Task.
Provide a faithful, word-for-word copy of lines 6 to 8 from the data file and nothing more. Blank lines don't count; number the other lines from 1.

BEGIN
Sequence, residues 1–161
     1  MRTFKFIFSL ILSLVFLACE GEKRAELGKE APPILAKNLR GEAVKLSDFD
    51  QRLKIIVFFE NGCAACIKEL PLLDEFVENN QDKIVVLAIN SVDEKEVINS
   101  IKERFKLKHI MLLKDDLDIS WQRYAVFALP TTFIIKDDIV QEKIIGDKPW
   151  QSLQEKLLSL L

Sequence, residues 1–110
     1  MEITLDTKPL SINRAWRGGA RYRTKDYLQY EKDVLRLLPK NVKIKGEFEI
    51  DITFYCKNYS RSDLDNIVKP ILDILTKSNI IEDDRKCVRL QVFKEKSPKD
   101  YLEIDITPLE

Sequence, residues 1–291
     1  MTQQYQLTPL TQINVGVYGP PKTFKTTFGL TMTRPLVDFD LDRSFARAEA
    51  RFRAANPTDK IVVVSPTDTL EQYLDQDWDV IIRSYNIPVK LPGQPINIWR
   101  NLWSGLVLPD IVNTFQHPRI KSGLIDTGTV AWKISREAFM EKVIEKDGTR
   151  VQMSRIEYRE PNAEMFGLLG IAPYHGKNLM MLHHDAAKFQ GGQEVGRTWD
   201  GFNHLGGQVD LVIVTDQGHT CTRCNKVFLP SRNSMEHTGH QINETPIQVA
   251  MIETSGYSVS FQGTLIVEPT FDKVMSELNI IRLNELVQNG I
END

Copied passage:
Sequence, residues 1–110
     1  MEITLDTKPL SINRAWRGGA RYRTKDYLQY EKDVLRLLPK NVKIKGEFEI
    51  DITFYCKNYS RSDLDNIVKP ILDILTKSNI IEDDRKCVRL QVFKEKSPKD